Flower heads consist of disk flowers. Each head is composed of 25-35 disk flowers that are white or sometimes purplish. The outer florets have inconspicuous petals and the inner florets have petals of 12-13 mm long. Fruits (cypselae) are dark brown, about 2-3 mm long. and finely hairy. The pappus is lacking or less than 0.5 mm long.
LIFE CYCLE and DISPERSAL [adapted from Sheley and Petroff 1999]
Seeds germinate in the fall and early spring and become tap-rooted rosettes. Seasonal precipitation is important for seedling survival. Crowded plants often die before flowering or may live for several years as a rosette and then die after developing seeds. A portion of early germinating plants may flower in their first year and die, while other individuals will germinate, flower, and continue to grow into their second year. In northeastern Washington, plants averaged 11,200 to 48,100 seeds per square meter.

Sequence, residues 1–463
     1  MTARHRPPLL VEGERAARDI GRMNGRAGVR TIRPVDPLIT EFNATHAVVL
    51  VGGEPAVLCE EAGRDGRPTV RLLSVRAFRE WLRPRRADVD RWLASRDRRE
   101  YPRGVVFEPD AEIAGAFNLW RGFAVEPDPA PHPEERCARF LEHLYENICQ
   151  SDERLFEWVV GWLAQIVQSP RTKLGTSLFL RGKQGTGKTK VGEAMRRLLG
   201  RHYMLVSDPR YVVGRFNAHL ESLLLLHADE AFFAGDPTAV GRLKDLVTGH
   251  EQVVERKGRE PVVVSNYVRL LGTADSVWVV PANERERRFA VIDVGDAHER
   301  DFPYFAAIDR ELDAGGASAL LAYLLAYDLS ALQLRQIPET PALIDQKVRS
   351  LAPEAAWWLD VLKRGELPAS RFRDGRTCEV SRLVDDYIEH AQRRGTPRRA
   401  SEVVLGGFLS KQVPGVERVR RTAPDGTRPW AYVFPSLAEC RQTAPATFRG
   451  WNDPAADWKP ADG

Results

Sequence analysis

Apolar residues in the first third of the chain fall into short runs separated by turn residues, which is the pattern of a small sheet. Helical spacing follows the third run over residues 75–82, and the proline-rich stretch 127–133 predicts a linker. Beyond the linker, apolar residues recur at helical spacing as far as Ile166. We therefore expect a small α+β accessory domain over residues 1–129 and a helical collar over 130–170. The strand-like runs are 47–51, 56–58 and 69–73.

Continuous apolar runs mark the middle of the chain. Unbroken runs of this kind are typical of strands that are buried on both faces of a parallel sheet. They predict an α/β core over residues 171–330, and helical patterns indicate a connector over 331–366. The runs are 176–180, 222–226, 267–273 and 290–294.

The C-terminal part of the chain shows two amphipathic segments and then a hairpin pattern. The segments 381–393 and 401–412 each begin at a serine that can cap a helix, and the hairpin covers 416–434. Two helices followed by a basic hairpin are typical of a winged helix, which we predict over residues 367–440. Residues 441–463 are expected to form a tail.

Diffuse knapweed plants grow into a ball-shape and have evolved to tumble in the wind. The seeds are held in an urn-shaped head which does not open widely, allowing the seeds to gradually disperse as the plant tumbles across the land. This tactic also works well to cling to vehicles and collect along roads, ditches, and fence lines.
Successful management of diffuse knapweed requires that land-use objectives and a desired plant community be identified (Sheley and Petroff 1999). Once identified then an integrated weed management strategy that promotes a weed-resistant plant community and serves other land-use objectives such as livestock forage, wildlife habitat, or recreation can be developed, making control of diffuse knapweed possible. BIOCONTOL
[Adapted from Sheley and Petroff 1999]
At least 200 insects are recommended for establishing a sustainable population. Infestations should be at least 2 acres with sizeable populations. It may take 2-3 years for the insect population to establish.
In the U.S. 12 flower seedhead and root-boring insect species are known to attach diffuse knapweed. Knapweed Gall Flies
(Urophora affinis, U. quadrifasciata